Mary Jochim, a former Papillion resident, wants the city to consider closing vehicle access to Washington Street (84th) between First and Second Streets as a way to protect pedestrians. This map, created by Jochim, shows how traffic would be rerouted under her plan. The brick strip in the middle shows Washington Street from First to Second Streets.
Mary Jochim says she grew up in a time when people went to downtown Papillion, not just through the downtown.
In March, Jochim, 68, started thinking about how Papillion could transform its downtown area into a space with the vibrancy of Omaha’s Old Market.
Then 10-year-old Abby Whitford died in August after being struck by a car in the suburban downtown, and suddenly, Jochim’s plan — to close off Washington Street (84th) and make it a pedestrian-only district — felt as urgent as ever.
“We’ve got to make people more important than cars,” said Jochim, a registered investment adviser in Omaha who grew up in Papillion.
She isn’t the only local with thoughts on how Papillion can make Washington Street safer for pedestrians.
After Abby’s death, 15 people called the Mayor’s Hotline with suggestions and concerns about the crosswalk. Dozens more posted their ideas on Facebook. The city collected those responses and summarized them in a document, a copy of which officials provided to The World-Herald.
Sign up for World-Herald news alerts
Be the first to know when news happens. Get the latest breaking headlines sent straight to your inbox.
Papillion officials are reviewing the crosswalk and the speed of traffic to determine if changes are warranted. Trent Albers, Papillion’s spokesman, said all options are being considered.
“Obviously, the main goal is: We’ve got to do something to slow down traffic on 84th Street through downtown Papillion,” Albers said. “We’ve got to do what we can to make it safer for pedestrians.”
Some of the suggestions from the public are simple:
Install speed bumps, flashing red lights or a three-light signal at the intersection.
Put a pedestrian crossing sign in the middle of the road.
Make the intersection a roundabout.
One person offered an idea from Pagosa Springs, Colorado, where pedestrians are asked to take bright yellow flags from containers at crosswalks, wave the flags to catch drivers’ attention, carry them across the street and deposit them back in a container.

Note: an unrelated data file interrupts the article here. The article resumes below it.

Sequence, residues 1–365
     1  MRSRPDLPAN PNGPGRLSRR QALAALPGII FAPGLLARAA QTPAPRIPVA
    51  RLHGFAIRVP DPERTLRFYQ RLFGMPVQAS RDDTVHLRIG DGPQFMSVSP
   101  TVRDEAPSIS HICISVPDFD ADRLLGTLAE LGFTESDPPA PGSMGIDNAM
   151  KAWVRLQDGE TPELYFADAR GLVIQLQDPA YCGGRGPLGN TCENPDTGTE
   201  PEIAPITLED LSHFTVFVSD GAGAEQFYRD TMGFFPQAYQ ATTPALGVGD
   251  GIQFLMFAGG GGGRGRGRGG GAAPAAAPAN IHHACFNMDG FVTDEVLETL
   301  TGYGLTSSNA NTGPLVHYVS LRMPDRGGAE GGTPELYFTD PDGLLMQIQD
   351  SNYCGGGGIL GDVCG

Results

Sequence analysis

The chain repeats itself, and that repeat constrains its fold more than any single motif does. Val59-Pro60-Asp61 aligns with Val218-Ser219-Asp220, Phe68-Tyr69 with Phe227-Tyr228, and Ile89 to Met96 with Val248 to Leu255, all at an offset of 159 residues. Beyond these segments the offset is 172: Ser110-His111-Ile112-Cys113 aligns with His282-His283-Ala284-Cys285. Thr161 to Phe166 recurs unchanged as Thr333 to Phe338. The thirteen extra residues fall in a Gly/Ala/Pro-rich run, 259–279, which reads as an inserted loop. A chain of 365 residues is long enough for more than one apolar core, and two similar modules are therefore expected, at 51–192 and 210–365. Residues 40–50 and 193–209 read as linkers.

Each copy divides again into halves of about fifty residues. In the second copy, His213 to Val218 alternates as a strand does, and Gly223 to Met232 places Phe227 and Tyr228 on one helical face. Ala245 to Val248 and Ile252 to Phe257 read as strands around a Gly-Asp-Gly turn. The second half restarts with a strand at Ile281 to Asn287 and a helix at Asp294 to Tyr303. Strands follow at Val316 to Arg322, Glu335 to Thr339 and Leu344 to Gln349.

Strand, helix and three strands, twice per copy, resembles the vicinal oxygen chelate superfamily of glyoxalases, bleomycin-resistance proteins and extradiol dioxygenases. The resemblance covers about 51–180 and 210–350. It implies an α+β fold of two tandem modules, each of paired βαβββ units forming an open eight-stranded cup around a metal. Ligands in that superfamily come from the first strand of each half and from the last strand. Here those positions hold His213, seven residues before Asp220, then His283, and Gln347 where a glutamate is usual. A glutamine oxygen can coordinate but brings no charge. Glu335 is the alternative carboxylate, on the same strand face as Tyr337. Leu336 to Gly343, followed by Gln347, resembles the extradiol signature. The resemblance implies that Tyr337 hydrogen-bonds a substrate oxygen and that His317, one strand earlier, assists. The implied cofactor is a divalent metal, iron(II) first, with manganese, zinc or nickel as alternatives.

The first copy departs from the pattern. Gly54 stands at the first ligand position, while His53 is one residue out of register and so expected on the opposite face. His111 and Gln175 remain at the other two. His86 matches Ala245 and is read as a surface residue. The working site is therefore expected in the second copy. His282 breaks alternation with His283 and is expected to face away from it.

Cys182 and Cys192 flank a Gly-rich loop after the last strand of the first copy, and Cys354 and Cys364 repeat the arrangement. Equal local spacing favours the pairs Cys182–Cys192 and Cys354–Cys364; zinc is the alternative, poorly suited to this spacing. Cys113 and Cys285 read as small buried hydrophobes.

Jochim’s idea is much more than an offhand Facebook comment: She has a binder of documents, maps detailing alternate traffic routes and crude renderings showing how downtown Papillion can retain its charm while protecting its citizens.
Her plan essentially diverts traffic on 84th Street around downtown, creating a pedestrian-only district from First to Second Streets.
The crosswalk where Abby was struck is at Second and Washington.
In Jochim’s vision, that section of road is repaved with brick, as are the alleyways and areas behind downtown businesses. The whole area then becomes a town square in which pedestrians are free to walk, shop and dine without cars speeding by.
“(People) feel like we’re losing that downtown (vibe),” Jochim said. “Well, if it’s just the traffic, I thought, ‘Why not block off that one street, give it back to the people?’ ”
Jochim would call the new pedestrian space "Monarch Plaza." She also would change the name of First Street Plaza — the small area near First Street with shaded tables and a water feature — to "Abigail's Place."
Albers didn’t discuss the feasibility of specific ideas, including Jochim’s. He said the city will consider all public input, as well as ideas generated internally, as the city moves forward.
Jochim acknowledges that any change to Papillion’s downtown area will face challenges: Funding mechanisms, legal hurdles, competing political interests and the pace of how governments make decisions all will come into play.
Papillion, too, is at the mercy of red tape: 84th Street is a state-controlled road known as Highway 85.
The Nebraska Department of Transportation is working with the cities through which the highway runs — Ralston, La Vista and Papillion — to relinquish control to those municipalities. Until that happens, each must get state approval to make most changes to the road, including speed adjustments.
The Department of Transportation hopes to relinquish control in the first few months of 2020, said Drew Parks, a project delivery engineer for the Transportation Department’s district that includes Douglas and Sarpy Counties.
Relinquishment, Parks said, “gives them the ability to kind of manage and alter the signalization, the crosswalks — they can make those decisions independently.”
Jochim has no specific plan for how to get the city and the community on board with “Abigail’s Plaza.” She submitted documents to Mayor David Black’s office and has had conversations with law enforcement officers and others in the community.
Even if her specific plan for Papillion is never realized, Jochim said, she still wants to see change come to the intersection where Abby was killed; “see where some of the ripples go.”
The process won’t be easy, but that won’t deter her.
Reece covers Sarpy County for The World-Herald. He's a born-and-raised Nebraskan and UNL grad who spent time in Oklahoma and Virginia before returning home. Follow him on Twitter @reecereports. Phone: 402-444-1127